The Catenary Wires is the new project from Amelia Fletcher and Rob Pursey, best known for making fuzzy, sixties girl-group inspired indie-pop in their previous bands Talulah Gosh, Heavenly, Marine Research and Tender Trap. With The Catenary Wires, they have created something different—gentler, more emotive and melancholy, although still fuelled by their great love for pop melodies and harmonies.
The Catenary Wires started when the two left London and found themselves in the middle of the countryside, with no record stores or guitar shops, and no indie scene as such. Having initially abandoned the idea of having a band, they started writing their sad and delicate songs on their daughter’s small acoustic guitar, in the winter, just for themselves.
The duo were enticed to play in public for an event celebrating their old label, Sarah Records, at the Arnolfini Art Gallery in Bristol. They played a few Heavenly songs but also took the opportunity to try out the new material. From the positive reaction, they realised that two people on stage could be a proper band, if a small, fragile one.
The mini-album comprises eight evocative songs, most of which are about relationships falling apart. It starts with their first single ‘Intravenous’, a closely sung duet which talks about the mutual dependency of love, and of resignation to a closeness so extreme that it becomes destructive.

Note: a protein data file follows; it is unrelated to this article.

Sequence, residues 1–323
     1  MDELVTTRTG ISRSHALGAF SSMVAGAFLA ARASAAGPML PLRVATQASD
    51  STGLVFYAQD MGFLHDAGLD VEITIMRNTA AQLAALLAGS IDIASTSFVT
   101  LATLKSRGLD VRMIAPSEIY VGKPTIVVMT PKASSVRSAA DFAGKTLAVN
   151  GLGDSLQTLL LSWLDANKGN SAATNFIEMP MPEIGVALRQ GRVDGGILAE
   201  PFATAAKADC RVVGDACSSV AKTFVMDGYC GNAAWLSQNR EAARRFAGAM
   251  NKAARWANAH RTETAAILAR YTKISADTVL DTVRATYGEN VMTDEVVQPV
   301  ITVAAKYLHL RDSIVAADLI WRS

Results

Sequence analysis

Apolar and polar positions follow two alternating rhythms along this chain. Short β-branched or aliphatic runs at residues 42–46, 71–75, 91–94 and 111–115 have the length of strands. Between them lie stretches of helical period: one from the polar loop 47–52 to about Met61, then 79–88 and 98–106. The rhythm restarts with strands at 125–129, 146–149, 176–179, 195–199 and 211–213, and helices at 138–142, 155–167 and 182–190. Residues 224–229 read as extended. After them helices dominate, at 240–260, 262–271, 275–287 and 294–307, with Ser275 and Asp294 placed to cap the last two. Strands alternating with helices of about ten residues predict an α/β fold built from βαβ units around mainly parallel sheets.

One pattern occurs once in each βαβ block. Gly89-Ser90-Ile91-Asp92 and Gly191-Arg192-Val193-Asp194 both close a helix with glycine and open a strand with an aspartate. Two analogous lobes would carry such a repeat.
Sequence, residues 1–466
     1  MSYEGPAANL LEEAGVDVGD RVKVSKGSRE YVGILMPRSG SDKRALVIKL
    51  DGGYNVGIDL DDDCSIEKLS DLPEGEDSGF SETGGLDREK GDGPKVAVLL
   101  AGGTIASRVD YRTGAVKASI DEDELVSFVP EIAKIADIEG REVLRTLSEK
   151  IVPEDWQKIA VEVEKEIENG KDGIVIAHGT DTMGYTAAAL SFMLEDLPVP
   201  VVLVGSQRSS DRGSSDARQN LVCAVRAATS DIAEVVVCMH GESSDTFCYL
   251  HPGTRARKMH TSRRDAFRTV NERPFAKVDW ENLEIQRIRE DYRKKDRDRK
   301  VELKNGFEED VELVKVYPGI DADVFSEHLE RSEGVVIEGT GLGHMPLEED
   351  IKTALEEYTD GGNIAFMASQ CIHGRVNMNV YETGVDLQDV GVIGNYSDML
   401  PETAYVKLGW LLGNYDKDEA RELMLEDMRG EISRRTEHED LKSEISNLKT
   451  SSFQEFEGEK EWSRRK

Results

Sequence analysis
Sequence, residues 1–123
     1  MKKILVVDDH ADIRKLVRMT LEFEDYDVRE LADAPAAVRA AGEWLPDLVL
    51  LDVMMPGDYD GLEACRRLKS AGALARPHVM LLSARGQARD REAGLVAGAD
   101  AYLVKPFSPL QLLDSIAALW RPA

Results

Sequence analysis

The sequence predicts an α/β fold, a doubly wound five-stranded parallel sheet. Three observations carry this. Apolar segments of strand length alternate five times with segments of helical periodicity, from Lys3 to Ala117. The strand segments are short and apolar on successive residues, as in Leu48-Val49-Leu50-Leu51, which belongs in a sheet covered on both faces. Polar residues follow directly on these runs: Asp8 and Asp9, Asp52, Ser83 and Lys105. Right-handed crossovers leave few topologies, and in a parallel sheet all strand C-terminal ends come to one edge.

‘When You Walk Away’ tells of a relationship started in the full knowledge that it won’t last. Inspired by Leanne Shapton’s novel “Important Artefacts and Personal Property from the Collection of Lenore Doolan and Harold Morris: Including Books, Street Fashion and Jewelry”, the song exposes Amelia’s voice and Rob’s acoustic guitar at their rawest and most moving.
‘Throw Another Love Song on the Fire’ is a song about heartbreak, while at the same time a satire on other songs about heartbreak, with the depth of Rob’s voice as he sings “thanks for making me unhappy” invoking Stephin Merritt (Magnetic Fields). ‘A Different Scene’ is about missing someone from a long distance, and the feeling of sending off emails and texts and never being sure of their impact, while ‘Things I Love’ is about how once-much-loved things can become poisoned by bad memories.
Some of the songs, such as ‘Like A Fool’ and ‘The Records We Never Play’, are bittersweet duets, with a nod to Johnny Cash and June Carter, Serge Gainsbourg and Brigitte Bardot, or Adam Green and Binki Shapiro. Others, such as ‘When You Walk Away’ and ‘Too Late I Love You’ are more introspective, with Amelia’s voice reminiscent of Karen Peris (The Innocence Mission) or Hope Sandoval (Mazzy Star).
The band’s name refers to the chain of curves made by the overhead cables seen suspended from pylons or above electric trains, cables that can seem to lead you off to somewhere different and unknown.
The mini-album is produced by Brian O’Shaughnessy (who has worked with people like Denim, Beth Orten, Comet Gain, The Clientele, and Allo Darlin’), and Amelia and Rob played all of the instruments between them. They stripped away all the drums and electric guitars and anything that makes noise too easily, to create a beautiful and deliberately vulnerable collection of songs.
2. When You Walk Away
3. A Different Scene
4. The Records We Never Play
5. Throw Another Love Song On The Fire
6. Too Late, I Love You
7. Like A Fool
8. Things I Love